Presidents’ Day is a national holiday that honors George Washington and Abraham Lincoln. The holiday began as a celebration of Washington alone, and was celebrated on his birthday—February 22—from the 1880s until 1971. While it was never a federal holiday, many states celebrated Lincoln’s birthday as well, on February 12. In 1971, the holiday was moved to the third Monday of February to give workers a three-day weekend, and since then the two presidents’ birthdays have been celebrated on the same day. Officially, though, the holiday is still known as Washington’s Birthday.
Parades are held in some communities to celebrate the holiday. Some people see the day as a reason to learn about the presidents. But Presidents’ Day is also well-known as a day when many businesses hold sales. In fact, it is partially through the advertising of three-day weekend sales that the holiday became known as Presidents’ Day.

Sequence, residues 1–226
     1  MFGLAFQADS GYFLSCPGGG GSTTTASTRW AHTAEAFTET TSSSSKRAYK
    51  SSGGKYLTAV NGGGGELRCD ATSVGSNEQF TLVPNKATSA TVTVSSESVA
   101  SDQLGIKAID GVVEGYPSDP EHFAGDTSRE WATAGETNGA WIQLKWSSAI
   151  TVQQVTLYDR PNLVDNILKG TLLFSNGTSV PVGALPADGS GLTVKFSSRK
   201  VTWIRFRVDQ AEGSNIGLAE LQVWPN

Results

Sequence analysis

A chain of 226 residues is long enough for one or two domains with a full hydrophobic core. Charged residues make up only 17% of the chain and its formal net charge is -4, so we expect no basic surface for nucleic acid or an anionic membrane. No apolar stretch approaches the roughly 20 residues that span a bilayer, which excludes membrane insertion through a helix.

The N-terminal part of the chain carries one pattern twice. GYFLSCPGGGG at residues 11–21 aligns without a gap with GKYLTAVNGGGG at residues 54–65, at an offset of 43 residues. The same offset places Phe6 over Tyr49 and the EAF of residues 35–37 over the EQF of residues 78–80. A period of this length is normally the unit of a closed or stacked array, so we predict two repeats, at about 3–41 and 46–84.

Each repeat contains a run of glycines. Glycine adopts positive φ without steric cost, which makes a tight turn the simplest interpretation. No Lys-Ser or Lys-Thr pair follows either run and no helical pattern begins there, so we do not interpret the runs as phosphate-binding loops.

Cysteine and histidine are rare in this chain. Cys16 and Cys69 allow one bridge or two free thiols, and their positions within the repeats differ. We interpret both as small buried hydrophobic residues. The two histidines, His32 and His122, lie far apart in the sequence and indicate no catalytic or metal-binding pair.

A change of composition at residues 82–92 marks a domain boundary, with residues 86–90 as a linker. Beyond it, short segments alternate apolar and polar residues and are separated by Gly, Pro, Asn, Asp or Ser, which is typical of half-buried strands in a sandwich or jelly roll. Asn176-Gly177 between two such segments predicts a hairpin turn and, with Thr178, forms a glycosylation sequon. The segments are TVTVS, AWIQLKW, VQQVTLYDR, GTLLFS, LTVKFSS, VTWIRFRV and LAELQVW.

- Presidents’ Day: History.com
The website of History.com includes articles, videos, pictures, and facts on key presidents from Washington to Obama.
- American Experience: The Presidents
Explore this PBS site on the U.S. presidents for a good general overview of each.
- Presidents of the United States
Learn about Washington, Lincoln, and all of the U.S. presidents at this site that contains biographies for each; includes a slide show.
- By George, IT IS Washington’s Birthday
Read about the history of Presidents’ Day, how its meaning has changed over time, and the effect that advertisers have had on the holiday.